Academic journal article IUP Journal of Business Strategy

An Information Processing View of Competition Analysis

Academic journal article IUP Journal of Business Strategy

An Information Processing View of Competition Analysis

Article excerpt

Introduction

The fields of competition analysis and Competitive Intelligence (CI) are areas of interest to both the researchers and practitioners of competitive strategy in the hypercompetitive market. "CI is increasingly being considered an important, if not mandatory, piece of every business' overall strategy and functioning" (Mc Gonagle and Vella, 2004). There have been many attempts (Bose, 2008; and Saayman et al., 2008) to understand the nature and dynamics of competitive intelligence and these are mainly in the broad areas of CI. Managerial cognition defined as the cognitive activity of interpreting informational stimuli, analyzing and categorizing problems, reasoning with the data and contemplating goals "can result in better assessment of a firm's strategic position in the market place, competitor's strategies and strategic positions, market conditions and requirements of resources and capabilities that, in turn, can have far-reaching implications for achieving competitive advantage" (Madhavaram et al., 2011).

This paper makes an attempt to understand the nature of information processing, specific processes of managerial cognition and the development of the competitive cognitive field as it is the cognitive dimension that focuses on the 'stuff ' (Shelfer and Verner, 2001) of competitive information.

The body of CI includes information and knowledge primarily in relation to competitors, and secondly it gathers information from customers, suppliers, technologies, environments and future business relationships (Saayman et al., 2008). The components of CI are understood to be planning and focus, collection, analysis and the active utilization of knowledge (Bose, 2008; and Saayman et al., 2008). Competitive cognition, which is central to the above phases of CI, is the internal framework with which a manager organizes, categorizes and retains knowledge about competitors (Walker et al., 2005). The crux of the issue is how the gathered data/information is analyzed, synthesized and put into good use. The cognitive processes elaborated in the use of information/knowledge acquired and stored over a long period of transaction with the external and internal stimuli along with the newly retrieved knowledge enable the competition-analyst manager to define and redefine the landscape of competition. Defining and redefining the field of competition brings in new contours and frontiers along with the intensity and extensiveness of the dynamism that characterize the moves and countermoves of different firms. The competition of the future is driven by information-based strategies where information and knowledge become the primary basis of competition (Singh, 2005). The different strategies for creating knowledge are still not well understood (Un and Cuervo-Cazura, 2004). In other words, it is the dominant logic or the cognitive frame of the top management (Gourlay, 2004) that influences the strategic decision processes. Cognitive processes of managers are linked to strategy forming, organizational performance and competitive analysis (Barr et al., 1992). CEOs as 'cognizers' integrate differing views, a task that demands high cognitive complexity (Calori et al., 1994).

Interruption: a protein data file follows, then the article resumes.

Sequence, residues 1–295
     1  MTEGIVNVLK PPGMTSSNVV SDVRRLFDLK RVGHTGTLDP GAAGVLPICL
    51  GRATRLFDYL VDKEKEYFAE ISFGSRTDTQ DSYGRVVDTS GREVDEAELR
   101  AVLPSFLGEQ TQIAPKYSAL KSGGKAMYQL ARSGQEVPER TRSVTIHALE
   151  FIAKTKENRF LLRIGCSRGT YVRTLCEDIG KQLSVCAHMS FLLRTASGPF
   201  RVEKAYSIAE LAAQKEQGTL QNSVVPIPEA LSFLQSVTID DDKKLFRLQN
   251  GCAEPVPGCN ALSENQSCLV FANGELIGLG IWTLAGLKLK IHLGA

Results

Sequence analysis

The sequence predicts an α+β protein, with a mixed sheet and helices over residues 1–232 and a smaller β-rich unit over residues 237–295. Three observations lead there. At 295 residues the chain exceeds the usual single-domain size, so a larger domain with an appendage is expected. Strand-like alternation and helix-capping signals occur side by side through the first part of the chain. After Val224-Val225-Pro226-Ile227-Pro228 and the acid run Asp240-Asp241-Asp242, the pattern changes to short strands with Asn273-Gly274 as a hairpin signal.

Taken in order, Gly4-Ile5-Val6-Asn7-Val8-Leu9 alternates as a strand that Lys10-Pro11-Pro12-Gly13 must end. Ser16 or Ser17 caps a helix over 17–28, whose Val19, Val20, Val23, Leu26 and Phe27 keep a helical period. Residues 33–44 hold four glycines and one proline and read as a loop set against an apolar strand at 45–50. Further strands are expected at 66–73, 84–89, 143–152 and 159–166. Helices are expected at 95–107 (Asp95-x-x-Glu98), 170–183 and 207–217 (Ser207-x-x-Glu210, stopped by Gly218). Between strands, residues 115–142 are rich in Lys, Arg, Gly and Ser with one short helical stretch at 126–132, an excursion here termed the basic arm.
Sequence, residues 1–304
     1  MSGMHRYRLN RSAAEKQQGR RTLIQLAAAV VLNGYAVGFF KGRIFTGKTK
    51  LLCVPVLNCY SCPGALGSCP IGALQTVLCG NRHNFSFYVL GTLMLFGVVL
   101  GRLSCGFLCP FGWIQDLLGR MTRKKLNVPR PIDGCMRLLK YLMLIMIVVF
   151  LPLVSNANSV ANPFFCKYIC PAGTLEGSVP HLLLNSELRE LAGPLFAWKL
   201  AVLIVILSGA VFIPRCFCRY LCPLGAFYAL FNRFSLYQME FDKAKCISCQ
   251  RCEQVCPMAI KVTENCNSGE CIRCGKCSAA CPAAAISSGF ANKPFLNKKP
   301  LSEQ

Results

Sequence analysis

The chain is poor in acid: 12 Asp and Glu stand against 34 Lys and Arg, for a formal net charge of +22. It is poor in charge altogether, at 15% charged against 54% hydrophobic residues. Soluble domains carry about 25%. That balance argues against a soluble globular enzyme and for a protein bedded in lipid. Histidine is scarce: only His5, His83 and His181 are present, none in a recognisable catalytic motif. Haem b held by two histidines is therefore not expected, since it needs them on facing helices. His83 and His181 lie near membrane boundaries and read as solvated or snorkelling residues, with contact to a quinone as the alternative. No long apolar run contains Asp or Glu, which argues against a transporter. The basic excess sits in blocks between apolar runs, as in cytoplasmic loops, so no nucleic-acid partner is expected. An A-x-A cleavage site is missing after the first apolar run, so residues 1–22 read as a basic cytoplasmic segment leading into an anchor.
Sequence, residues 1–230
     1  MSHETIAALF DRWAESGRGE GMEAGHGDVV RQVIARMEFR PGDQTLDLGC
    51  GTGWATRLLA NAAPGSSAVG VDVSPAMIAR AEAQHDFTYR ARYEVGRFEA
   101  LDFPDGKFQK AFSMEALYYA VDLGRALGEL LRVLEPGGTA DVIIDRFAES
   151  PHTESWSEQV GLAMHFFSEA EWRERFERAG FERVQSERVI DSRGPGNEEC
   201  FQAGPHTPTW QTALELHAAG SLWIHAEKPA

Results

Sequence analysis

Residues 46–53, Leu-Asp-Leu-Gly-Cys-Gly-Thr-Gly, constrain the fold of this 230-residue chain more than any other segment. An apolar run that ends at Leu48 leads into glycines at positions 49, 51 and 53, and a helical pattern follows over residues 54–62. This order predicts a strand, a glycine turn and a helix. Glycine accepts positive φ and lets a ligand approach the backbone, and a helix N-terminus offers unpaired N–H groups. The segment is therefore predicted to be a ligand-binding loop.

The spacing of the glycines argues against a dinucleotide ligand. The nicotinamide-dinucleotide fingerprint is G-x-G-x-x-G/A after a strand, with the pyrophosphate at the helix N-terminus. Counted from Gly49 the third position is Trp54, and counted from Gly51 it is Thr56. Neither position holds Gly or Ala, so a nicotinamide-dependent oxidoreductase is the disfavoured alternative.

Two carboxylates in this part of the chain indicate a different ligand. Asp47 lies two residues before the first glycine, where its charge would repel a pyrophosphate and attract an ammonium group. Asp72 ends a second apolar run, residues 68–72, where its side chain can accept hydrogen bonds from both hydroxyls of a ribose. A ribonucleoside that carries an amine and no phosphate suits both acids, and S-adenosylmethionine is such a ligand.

The classical interpretation of competitiveness draws upon the performance of other similar firms place d in a specified are a of operation. The conve ntional approach to management in hypercompetitive environment is reactive and adaptationist (Staber and Sydrow, 2002). The reactive and corrective measures meet with no effective results, thus putting the competition in an inescapable wheel from which no headway or growth can be conceived in the traditional formulation of competition, which is generally and wholly controlled and guided by the interplay of the external forces.

Corporates following this approach tend to adopt a 'lean and mean' strategy, focusing on their core competencies, streamlining routines and tightening resource belts (Harrison, 1994). …

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